Women may or may not be better-suited to risk management roles as compared to men as being fully equipped for the role might have more to do with skills sets, ethical judgment and plain-vanilla experience than with anything related to gender.
But it’s true that women are occupying in growing numbers the compliance and risk management role at U.S. businesses, handling a growing arena of risk (like cyber-security and social-media communications), with resources that are often deemed by industry participants as insufficient, vis a vis the challenges they face.
The Risk Management Society reports that the UK-based Airmic Risk Management Association has seen a doubling of female membership in the last 10 years.
It makes sense: When it comes to managing risk, it is vital that every potential impact is considered — particularly those affecting a large number of clients — making women’s perspectives of great value to businesses.
Diverse risks requires diverse skills … which requires a diverse staff.
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In some companies, women are noticeably rising to the top in management positions, but most surveys show them floundering in corporate limbo.
Grant Thornton’s 2015 International Business Report detailed some dismal news: Women in senior management comprise just 21 percent of the global corporate population, a mere 2 percent more than in 2004.
Likewise, a 2014 Catalyst study revealed that just 19.2 percent of the board seats of S&P 500 companies are held by women and 2.4 percent of Fortune 500 chief executives were female.
The United States is lagging behind most other countries.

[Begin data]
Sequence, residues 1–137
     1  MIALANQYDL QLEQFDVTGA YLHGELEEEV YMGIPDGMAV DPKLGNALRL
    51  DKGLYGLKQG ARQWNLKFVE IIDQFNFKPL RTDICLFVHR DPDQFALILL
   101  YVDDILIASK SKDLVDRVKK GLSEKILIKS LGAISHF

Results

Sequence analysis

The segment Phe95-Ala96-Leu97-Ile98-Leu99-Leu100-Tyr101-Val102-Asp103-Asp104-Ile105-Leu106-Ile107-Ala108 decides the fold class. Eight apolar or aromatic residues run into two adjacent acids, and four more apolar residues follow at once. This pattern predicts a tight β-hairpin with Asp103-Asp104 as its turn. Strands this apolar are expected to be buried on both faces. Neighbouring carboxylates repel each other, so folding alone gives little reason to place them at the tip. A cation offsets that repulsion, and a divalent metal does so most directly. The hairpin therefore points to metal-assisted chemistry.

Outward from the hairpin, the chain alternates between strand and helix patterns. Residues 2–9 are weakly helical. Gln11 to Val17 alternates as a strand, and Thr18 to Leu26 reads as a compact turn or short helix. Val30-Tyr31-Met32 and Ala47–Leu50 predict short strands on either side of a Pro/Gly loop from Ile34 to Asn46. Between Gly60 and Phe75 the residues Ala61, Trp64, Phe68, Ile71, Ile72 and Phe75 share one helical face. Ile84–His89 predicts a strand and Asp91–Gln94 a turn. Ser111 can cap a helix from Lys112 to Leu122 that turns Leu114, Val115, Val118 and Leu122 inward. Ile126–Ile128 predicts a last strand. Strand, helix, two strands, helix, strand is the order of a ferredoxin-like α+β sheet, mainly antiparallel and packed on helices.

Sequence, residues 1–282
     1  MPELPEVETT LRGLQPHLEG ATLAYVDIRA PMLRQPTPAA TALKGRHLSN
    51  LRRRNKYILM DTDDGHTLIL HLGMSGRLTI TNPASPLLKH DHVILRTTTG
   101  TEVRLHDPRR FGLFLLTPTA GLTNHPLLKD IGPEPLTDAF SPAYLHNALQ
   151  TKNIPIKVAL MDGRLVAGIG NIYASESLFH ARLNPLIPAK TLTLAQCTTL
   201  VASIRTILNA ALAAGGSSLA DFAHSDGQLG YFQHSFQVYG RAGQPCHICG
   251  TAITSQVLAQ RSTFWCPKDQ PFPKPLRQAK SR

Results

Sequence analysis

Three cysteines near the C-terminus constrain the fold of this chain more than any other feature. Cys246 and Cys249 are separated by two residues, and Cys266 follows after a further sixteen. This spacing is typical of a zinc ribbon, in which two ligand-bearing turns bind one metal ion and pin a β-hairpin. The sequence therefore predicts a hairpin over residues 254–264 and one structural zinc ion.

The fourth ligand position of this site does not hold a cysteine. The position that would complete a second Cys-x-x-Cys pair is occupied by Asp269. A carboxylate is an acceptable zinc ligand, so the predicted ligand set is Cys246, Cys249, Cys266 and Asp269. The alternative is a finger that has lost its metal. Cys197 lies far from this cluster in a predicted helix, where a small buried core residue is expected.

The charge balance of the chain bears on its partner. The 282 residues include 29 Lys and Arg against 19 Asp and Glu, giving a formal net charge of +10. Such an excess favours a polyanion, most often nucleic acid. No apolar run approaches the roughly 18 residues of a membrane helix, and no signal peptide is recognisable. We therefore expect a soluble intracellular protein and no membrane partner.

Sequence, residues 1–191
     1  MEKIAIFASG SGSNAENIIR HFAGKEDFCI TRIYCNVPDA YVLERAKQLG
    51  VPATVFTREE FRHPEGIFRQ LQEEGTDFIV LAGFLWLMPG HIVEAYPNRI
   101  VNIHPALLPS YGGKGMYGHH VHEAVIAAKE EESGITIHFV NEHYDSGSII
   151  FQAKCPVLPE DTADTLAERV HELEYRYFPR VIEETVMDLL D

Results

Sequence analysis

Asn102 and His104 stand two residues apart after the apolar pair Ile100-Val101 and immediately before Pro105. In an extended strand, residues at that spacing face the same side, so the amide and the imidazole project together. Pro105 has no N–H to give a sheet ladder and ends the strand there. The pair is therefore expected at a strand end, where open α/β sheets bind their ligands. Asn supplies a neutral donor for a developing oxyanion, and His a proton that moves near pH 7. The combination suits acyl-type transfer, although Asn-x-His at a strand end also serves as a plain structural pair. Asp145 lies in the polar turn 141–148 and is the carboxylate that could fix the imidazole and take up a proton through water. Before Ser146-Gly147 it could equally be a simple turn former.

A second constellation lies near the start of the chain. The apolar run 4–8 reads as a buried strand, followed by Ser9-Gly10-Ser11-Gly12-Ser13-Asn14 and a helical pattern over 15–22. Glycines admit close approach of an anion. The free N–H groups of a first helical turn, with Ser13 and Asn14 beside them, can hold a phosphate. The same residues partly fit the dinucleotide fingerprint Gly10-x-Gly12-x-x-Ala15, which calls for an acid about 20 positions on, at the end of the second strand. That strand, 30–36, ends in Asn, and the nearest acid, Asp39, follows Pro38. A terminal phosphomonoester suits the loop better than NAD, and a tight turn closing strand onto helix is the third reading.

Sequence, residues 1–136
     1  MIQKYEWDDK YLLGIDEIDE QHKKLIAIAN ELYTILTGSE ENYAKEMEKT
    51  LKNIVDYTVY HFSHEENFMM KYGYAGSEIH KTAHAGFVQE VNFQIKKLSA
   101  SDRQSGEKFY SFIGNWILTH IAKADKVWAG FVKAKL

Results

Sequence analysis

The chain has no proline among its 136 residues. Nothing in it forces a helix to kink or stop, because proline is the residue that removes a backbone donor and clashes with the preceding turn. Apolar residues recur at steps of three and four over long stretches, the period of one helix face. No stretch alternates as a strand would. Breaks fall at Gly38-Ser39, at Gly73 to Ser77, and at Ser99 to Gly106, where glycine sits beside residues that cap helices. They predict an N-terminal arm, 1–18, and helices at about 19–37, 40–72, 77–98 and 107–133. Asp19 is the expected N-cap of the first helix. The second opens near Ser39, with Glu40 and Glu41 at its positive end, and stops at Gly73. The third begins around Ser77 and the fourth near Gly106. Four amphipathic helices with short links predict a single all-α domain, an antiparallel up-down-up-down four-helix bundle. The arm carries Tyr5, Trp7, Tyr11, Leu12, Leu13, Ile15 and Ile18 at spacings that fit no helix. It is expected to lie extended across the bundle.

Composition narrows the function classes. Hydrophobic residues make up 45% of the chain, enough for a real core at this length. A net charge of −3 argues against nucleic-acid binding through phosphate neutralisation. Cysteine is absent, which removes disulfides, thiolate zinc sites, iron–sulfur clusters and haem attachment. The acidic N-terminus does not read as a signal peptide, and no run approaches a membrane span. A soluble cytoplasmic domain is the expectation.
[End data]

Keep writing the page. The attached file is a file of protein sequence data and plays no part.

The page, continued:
The proportion of women in senior management in the United States paled by comparison to countries such as Russia, where 36 percent of all senior execs are women, and Thailand, which topped Grant Thornton’s survey with 45 percent of senior managers being women.
Women have the highest representation on board executive committees in the Scandinavian nations of Norway and Sweden.
A UK-based HM Treasury/Virgin Money report, based on survey results and entitled “Empowering Productivity: Harnessing the Talents of Women in Financial Services,” notes that equalizing the roles of men and women in the labor market in terms of participation and compensation could increase national GDP by 10 percent by 2030. (Author’s Note: The survey was co-sponsored by Thomson Reuters.)
That report notes how a number of international firms — Nationwide, Deutsche Bank, RBS, Lloyds of London and HSBC — have implemented programs to develop their female talent pipeline and promote and recruit more females into senior roles.
Not a bad idea considering women control $12 trillion (or 65 percent) of the $18.4 trillion in consumer discretionary spending.
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In the next post, I’ll look at the crucial role women should play when companies set out to create diverse leadership teams.
Julie DiMauro is a regulatory intelligence expert in the Enterprise Risk division of Thomson Reuters Regulatory Intelligence (TRRI). Follow Julie on Twitter @Julie_DiMauro and email her at [email protected].